Re(Dis)Organization of Britain’s Border Agencies

Theresa May, Home Secretary, has announced the dismantling of the UK Borders Agency just a few months before the London Olympics. This is just the latest twist in a saga that goes back years during which Ministers (and senior civil servants) have tinkered with the organization of Britain’s border controls without ever solving the underlying problems.

Back in the early 1990s the organisations charged with controlling our borders were a diverse bunch: immigration and nationality (IND) in the Home Office, Customs, avrious ‘point of entry’ agencies, etc. IND was the main ‘vetting’ agency for people.

But, interestingly, IND was not an ‘Agency’. At the time, central government was busily creating dozens of “Next Steps Agencies”, so-called after the ‘Next Steps’ Repor in 1988 which inaugurated this programme of creating semi-autonomous bodies within Ministries.

In the Home Office Prisons, Forensic Science, Passports and the tiny Fire Service College were all granted “agency” status, but not IND. I was doing work with the HO at the time and asked several peoplewhy IND was not being made into an Agency. the answer was always the same – IND is a basket-case, and a highly politically sensitive one at that. Ministers and mandarins did not trust IND enough to give it Agency status.

A crisis engulfed the Home Office in 2006 after it was revealed over 1,000 foreign prisoners had been released without even having been considered by IND for deportation and many had gone on to re-offend. The scandal embroiled not just IND, but also the Prison Service (then still within the Home Office) and the wider Home Office itself, but the focus was very much on IND.

The then Home Secretary’s solution was to make IND into an “executive agency”, exactly what had been rejectes for more than a decade.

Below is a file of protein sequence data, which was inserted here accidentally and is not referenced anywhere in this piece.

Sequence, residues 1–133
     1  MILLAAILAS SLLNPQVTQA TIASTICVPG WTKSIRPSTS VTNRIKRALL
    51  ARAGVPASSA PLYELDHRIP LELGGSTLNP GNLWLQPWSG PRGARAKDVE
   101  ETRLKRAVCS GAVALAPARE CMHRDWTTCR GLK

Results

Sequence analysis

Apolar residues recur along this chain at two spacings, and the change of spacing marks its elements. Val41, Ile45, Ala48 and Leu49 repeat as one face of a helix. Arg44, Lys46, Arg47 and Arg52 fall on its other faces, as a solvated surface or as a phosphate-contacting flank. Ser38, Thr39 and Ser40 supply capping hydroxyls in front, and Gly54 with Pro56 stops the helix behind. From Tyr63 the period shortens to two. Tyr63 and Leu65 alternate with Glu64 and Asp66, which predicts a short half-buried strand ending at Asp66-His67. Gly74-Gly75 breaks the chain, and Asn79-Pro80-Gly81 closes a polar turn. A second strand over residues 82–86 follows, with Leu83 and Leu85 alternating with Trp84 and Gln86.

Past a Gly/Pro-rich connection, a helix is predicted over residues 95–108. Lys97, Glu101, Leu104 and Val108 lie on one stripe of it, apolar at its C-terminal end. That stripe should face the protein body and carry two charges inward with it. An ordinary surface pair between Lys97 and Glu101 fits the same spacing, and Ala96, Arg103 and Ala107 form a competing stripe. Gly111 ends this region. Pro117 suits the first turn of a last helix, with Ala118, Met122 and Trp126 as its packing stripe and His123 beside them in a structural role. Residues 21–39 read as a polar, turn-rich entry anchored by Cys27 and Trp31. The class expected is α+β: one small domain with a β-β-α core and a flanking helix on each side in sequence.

Further reorganisation took place under Reid’s successor, Jacqui Smith, in 2008 with the main change being the incorporation of the uniformed Customs officers at ‘points of entry’ joining the now UKBA.

And now only four years later this merger is being reversed with the ‘Customs’ bit (UK Border Force) being split off again to form yet another new agency.

It has long been recognised that re(dis)organisations are often a substitute for Ministers addressing the reall problems. A high-profile structural change creates an instant impression of “something is being done”, even when that something has little rationale or evidence to support it.

This latest ‘shoot from the hip’ change has all the hall-marks of yet another re(dis)organisation of our border security apparatus.



1988 -2007 – Immigration and Nationality Directorate (IND) kept as a division within the Home Office and refused Agency status by successive Home Secretaries, including Ken Clarke and Michael Howard.

2007 – Border and Immigration Agency (with ‘Next Steps’ Agency status) created after then Home Secrtary John Reid had declared immigration control organization as “not fit for purpose” in 2006.

2008 – BIA becomes UK Border Agency on merger with UK Visas and port of entry functions from Customs under Jacqui Smith.

2012 – UKBA to be split into UK Border Force and UKBA by Theresa May.


One thought on “Re(Dis)Organization of Britain’s Border Agencies

  1. There is probably a related but less topical question about the (dis)organisation of HMRC – another body which was formed from agencies with differing histories and cultures, has suffered numerous changes of scope over the last few years including the transfer of some customs powers to UKBA, and is at least partly or intermittently dysfunctional. What is clear is that the actual process of re-organisation is hardly ever completely successful unless the new organisation is allowed a fairly long period of stability in which to settle down. A fairly successful example is the creation of Jobcentre Plus from previous benefits and employment agencies – though JCP has now been stripped of its agency status (in the pursuit of efficiency?).

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